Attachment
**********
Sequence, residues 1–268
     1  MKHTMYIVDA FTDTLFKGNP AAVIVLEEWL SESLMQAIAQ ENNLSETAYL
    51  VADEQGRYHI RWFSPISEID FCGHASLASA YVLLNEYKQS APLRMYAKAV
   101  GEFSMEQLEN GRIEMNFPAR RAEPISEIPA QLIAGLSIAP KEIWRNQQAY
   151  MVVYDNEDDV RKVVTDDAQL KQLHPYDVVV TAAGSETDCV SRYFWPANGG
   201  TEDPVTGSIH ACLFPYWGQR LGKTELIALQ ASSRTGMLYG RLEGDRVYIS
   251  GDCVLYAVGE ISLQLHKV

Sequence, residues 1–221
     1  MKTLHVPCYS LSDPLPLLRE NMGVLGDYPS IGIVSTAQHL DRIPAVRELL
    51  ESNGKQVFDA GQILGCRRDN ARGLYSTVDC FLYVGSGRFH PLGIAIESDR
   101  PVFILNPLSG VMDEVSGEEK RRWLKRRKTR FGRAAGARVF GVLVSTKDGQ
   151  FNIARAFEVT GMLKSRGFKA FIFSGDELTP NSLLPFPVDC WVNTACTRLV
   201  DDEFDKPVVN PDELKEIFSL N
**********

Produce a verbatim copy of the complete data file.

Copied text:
Sequence, residues 1–268
     1  MKHTMYIVDA FTDTLFKGNP AAVIVLEEWL SESLMQAIAQ ENNLSETAYL
    51  VADEQGRYHI RWFSPISEID FCGHASLASA YVLLNEYKQS APLRMYAKAV
   101  GEFSMEQLEN GRIEMNFPAR RAEPISEIPA QLIAGLSIAP KEIWRNQQAY
   151  MVVYDNEDDV RKVVTDDAQL KQLHPYDVVV TAAGSETDCV SRYFWPANGG
   201  TEDPVTGSIH ACLFPYWGQR LGKTELIALQ ASSRTGMLYG RLEGDRVYIS
   251  GDCVLYAVGE ISLQLHKV

Sequence, residues 1–221
     1  MKTLHVPCYS LSDPLPLLRE NMGVLGDYPS IGIVSTAQHL DRIPAVRELL
    51  ESNGKQVFDA GQILGCRRDN ARGLYSTVDC FLYVGSGRFH PLGIAIESDR
   101  PVFILNPLSG VMDEVSGEEK RRWLKRRKTR FGRAAGARVF GVLVSTKDGQ
   151  FNIARAFEVT GMLKSRGFKA FIFSGDELTP NSLLPFPVDC WVNTACTRLV
   201  DDEFDKPVVN PDELKEIFSL N